The Fortwo Cabriolet ED is a much more pleasant car to drive and spend time in than its predecessor. It’s also a more engaging proposition than its regular petrol-powered sister.
Its larger dimensions give it a roomier interior - in fact, it's a considerable 110mm wider than before. The design of the dashboard is easier on the eye and the materials used inside are also of a higher quality. There’s also a fully integrated TomTom infotainment system with a 7.0in touchscreen, as well as larger door pockets and cubbyholes for better oddment storage.
There’s a straightforward jump-in-and-go simplicity to driving the Fortwo Cabriolet Electric Drive that should win it appeal, both as private transport and on short-term lease schemes such as Mercedes-Benz’s own Car2Go.
A new electronic management system provides finer throttle adjustment than with the old model. A good portion of torque is never far away; an earnest nudge on the accelerator gets the rear end settled on its springs and the nose raised, as the new electric motor propels the car down the road with a good turn of speed.
The operation of the electric motor is terrifically smooth, quiet and seamless. While not packed with power, it manages to provide the Fortwo Cabriolet ED with great response and strong acceleration from a standstill, making if a far more engaging choice than the petrol-powered version of the Smart open-top.
The way it flings itself up to 40mph with all the vigour of a high-powered hot hatch is part-and-parcel of its appeal, providing it with nippy qualities, both away from the lights and on the run. Subjectively, it feels quicker than its official 0-62mph time of 11.8sec suggests.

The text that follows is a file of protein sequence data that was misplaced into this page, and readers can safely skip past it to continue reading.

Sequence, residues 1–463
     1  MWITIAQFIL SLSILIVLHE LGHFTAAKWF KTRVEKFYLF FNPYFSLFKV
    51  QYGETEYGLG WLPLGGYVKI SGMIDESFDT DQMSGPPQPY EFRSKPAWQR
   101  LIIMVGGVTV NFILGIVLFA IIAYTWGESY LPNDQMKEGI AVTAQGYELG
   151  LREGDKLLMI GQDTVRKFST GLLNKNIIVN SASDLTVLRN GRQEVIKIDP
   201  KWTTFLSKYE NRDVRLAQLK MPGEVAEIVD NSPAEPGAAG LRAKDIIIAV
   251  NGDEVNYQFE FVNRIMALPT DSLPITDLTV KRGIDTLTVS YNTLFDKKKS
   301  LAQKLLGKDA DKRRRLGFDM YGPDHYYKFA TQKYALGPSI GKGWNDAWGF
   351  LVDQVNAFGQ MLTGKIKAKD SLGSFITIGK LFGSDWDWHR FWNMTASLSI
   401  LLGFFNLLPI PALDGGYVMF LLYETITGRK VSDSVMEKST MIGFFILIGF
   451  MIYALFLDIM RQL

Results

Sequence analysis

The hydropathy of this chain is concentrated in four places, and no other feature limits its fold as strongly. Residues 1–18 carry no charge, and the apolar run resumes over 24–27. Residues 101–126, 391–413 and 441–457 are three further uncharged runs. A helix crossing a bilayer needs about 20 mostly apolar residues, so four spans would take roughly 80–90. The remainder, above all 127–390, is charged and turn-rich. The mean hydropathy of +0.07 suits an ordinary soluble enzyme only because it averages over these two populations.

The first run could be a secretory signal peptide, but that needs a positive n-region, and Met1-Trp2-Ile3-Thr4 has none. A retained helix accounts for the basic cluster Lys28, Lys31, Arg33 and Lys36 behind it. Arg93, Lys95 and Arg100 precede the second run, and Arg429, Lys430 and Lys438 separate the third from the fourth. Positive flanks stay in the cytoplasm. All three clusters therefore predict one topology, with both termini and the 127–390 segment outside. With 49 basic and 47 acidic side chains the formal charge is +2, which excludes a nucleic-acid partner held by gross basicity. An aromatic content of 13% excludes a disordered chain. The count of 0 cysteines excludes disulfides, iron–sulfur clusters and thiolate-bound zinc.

If you’re willing to forgo some of the performance for ultimate range, there’s Eco mode. Activated by a press of a button next to the gear selector within the centre console, it adjusts the mapping of the throttle, caps the power of the electric motor and limits top speed.
There’s also a braking effect on a trailing throttle as electric energy is recuperated on the overrun and stored in the battery. This employs a clever radar sensor to provide anticipatory operation, continuously monitoring the traffic conditions and setting the energy recuperation level as well as the amount of braking effect as is fit.
Having its battery low down gives the Fortwo Cabriolet ED a lower centre of gravity than its petrol-engine siblings. It also has firmer springs and dampers. As a result, its body movements are better controlled and its ride is more settled, particularly at lower speeds, although the steering is exceedingly light and lacking in any real feedback.
Overall, it feels more mature to drive than its predecessor, with greater compliance within the chassis and improved rolling refinement.
The clincher, though, is its overall manoeuvrability, which really has to be sampled to be believed. With a length of just 2695mm and the smallest turning circle of any current series production car at 6.95m, the Fortwo Cabriolet ED runs rings around all of its rivals for sheer agility in a city driving environment.
Further appeal comes with the automatically operated cloth roof. It retracts back and stows in a position above the luggage compartment at the press of a button. For true open-top motoring, the header rails can also be detached.